Opinion

Thirty years ago

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Bernie Niemeier photo by Mark Rhodes

Flipping through the pages of Virginia Business’ first issue, published 30 years ago in March 1986, it is interesting to see how times have changed as well as some things that remain the same.

In 1986, Virginia was readying itself for the economic impact of the Gramm-Rudman-Hollings Deficit Reduction Act. Congress was gridlocked. President Ronald Reagan was a year into his second term of office, and the federal budget deficit was, in dollar terms, the largest in history.

The term “budget sequestration” was first used to describe parts of Gramm-Rudman-Hollings that required mandatory across-the-board spending cuts if certain deficit reduction targets were not met. 

The Supreme Court later determined that the act was unconstitutional, and its legislative successors failed to prevent large deficits.  Nonetheless, in 1986 Virginia recognized its economic dependence on the federal government and was bracing for the worst.

Money was also a concern in state politics in 1986.  Gov. Gerald Baliles (see our recent interview with him) had just taken office after a record-setting campaign that led to the suggestion that he might well be called the “$4 Million Man.” He was the first Virginia gubernatorial candidate to raise more than $4 million in a single campaign. 

Compare that to the almost $35 million raised by Gov. Terry McAuliffe in 2013.  Times have changed!

During his term, Baliles put the commonwealth’s focus on transportation and economic development, while his predecessor Chuck Robb had focused on education.  All three issues remain important today.

Fairfax County was big news in 1986, not because of technology but because of real estate. Fairfax real estate was hot. Tysons Corner already had more office space than downtown Richmond.  Tysons II was just being developed. Master plans were underway for Westfields, a 15 million-square-foot business park near Washington Dulles International Airport.

The inaugural issue of Virginia Business also had an article about wine.  Specifically, it looked at local executives and their cellars with wine from France, Italy, Spain and California.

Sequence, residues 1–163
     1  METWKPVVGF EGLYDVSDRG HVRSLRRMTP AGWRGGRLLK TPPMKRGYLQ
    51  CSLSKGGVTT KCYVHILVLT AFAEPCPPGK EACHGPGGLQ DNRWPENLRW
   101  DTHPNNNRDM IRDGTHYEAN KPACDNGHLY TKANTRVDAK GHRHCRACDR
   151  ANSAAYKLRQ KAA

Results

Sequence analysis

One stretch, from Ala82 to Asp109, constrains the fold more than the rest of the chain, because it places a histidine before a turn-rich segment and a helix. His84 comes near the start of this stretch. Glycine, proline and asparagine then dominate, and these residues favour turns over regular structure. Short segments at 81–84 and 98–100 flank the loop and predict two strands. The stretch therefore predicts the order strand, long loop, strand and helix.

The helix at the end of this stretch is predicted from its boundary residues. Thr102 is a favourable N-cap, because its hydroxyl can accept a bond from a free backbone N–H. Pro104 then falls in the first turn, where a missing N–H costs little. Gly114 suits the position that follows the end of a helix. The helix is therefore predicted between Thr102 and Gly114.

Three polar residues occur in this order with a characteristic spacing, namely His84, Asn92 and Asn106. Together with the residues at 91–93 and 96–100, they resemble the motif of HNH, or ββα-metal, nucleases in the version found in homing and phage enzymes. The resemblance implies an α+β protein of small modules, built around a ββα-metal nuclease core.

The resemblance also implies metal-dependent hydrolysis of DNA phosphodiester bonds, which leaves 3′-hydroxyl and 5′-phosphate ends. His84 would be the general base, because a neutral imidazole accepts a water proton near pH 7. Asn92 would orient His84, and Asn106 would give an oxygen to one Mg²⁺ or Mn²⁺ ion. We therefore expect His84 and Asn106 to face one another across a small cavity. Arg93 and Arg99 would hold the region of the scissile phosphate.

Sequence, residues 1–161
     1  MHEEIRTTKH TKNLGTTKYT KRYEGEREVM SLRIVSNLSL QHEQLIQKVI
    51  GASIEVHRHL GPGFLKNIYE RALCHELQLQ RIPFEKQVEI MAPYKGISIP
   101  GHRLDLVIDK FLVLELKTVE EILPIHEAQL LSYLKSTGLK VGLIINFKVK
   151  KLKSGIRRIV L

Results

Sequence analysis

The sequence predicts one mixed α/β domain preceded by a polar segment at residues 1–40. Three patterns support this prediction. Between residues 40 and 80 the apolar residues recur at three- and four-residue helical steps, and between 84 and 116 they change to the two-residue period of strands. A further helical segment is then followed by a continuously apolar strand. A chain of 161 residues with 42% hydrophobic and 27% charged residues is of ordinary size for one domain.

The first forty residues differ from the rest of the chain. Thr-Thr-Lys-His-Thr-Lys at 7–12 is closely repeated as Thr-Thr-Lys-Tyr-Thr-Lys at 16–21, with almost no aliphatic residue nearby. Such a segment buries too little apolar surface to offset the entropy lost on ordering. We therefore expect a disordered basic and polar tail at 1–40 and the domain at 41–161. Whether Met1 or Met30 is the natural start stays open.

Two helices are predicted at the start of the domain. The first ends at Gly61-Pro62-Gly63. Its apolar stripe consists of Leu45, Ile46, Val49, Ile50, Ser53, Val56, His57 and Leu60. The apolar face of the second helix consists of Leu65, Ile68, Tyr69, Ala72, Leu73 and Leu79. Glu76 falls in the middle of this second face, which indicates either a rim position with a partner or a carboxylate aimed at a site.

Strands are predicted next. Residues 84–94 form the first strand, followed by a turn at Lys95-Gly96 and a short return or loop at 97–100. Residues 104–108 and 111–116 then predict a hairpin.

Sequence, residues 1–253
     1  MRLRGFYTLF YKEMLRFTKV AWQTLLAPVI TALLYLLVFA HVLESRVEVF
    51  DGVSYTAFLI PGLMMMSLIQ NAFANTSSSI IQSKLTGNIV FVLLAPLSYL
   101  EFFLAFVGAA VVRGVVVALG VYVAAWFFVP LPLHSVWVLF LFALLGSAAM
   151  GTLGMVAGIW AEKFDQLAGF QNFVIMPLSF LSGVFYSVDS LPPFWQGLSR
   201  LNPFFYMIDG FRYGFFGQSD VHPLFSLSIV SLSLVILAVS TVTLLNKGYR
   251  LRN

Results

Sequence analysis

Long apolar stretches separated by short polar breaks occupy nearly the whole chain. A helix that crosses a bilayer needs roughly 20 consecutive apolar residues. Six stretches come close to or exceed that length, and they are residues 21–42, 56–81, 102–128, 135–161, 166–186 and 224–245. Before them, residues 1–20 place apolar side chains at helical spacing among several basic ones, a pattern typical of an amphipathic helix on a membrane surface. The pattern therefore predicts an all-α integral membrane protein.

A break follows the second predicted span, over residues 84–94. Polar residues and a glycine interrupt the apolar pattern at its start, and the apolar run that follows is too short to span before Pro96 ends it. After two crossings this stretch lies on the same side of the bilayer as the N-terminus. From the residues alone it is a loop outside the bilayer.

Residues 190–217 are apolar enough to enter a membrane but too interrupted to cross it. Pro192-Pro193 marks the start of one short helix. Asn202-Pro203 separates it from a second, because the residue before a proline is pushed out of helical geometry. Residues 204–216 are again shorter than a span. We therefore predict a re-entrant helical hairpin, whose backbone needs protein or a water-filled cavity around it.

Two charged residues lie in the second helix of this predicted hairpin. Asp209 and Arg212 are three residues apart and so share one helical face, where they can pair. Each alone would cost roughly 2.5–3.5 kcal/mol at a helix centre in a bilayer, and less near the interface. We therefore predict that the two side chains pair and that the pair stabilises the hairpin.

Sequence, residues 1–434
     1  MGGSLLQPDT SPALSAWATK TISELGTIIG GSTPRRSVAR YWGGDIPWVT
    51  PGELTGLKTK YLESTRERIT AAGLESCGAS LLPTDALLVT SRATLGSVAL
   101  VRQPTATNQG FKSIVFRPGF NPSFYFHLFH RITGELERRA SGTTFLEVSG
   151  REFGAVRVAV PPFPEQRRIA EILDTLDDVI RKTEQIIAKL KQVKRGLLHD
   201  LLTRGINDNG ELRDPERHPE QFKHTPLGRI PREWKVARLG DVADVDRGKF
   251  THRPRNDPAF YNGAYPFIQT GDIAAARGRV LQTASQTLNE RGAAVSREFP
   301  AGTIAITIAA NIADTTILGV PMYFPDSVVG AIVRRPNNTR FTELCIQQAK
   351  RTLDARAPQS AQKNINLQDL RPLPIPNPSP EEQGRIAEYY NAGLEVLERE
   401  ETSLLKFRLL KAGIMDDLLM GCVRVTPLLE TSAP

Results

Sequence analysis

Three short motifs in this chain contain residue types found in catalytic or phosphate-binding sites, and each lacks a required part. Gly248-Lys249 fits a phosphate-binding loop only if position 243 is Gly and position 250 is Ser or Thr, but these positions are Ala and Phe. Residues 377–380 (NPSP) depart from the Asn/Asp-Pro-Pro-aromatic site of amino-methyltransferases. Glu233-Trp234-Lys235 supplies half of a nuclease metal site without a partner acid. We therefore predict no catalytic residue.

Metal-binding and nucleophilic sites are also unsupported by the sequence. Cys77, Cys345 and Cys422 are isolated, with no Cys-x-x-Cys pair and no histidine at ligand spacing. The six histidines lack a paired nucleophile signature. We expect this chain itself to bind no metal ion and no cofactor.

There was no mention of Virginia wine in the story.  I guess we missed that one.  The commonwealth only had about 30 wineries in 1986.  Today, it boasts more than 250.

Turning from the editorial pages of our first issue to its advertising pages, gone are brand names like Sovran Bank, 1st American Bank, United Virginia Bank, Virginia Federal, Wheat First Securities, Peat Marwick, Arthur Young, MCI, Contel,  Johnson & Higgins, Harrison & Bates, Morton Marks & Sons, and Chasen’s Business Interiors. 

Still with us after all these years are Lingerfelt Development, Strange’s Florists, The Martin Agency, Philip Morris, CSX, McLean Faulconer and Chas. Lunsford Sons & Associates.

Replacing advertisers that have merged or disappeared over the years has always been a challenge.  The first issue of Virginia business ran a total of 80 pages, including 31 pages of advertising.  Initially advertisers were required to commit to a minimum of four issues of the magazine.

Thirty years later, the issue in your hands today runs a total of 156 pages, including 40 pages of advertising. 

Perhaps this doesn’t match the growth rate of money in politics, but Virginia Business has clearly done more than replace the brands that have disappeared over the years.  In keeping with changing times, we’ve also added a robust set of advertising-supported digital products, as well as a regional monthly magazine, Roanoke Business.  And today we are more flexible, accepting one-time ads.

Moreover, there is a new economic landscape in Virginia.  Categories that went unmentioned in this magazine’s first issue, such as higher education, technology, the Port of Virginia, health care and business law, are now frequently featured.  In addition to federal spending, these are the new drivers of Virginia’s economy.

Take a look at everything we've packed into the 30th Anniversary issue of Virginia Business. It’s a sourcebook for sales and economic development, packed with lists of the major players in dozens of industry categories, as well as our annual list of the Most Influential Virginians, including what they were doing 30 years ago.

If you are interested in a laugh, we’ve included old photos of our magazine staff, with information about where we were 30 years ago.

Yes, Virginia; a lot has changed.  But our misson remains the same, Virginia Business is your source for business intelligence.  Enjoy.




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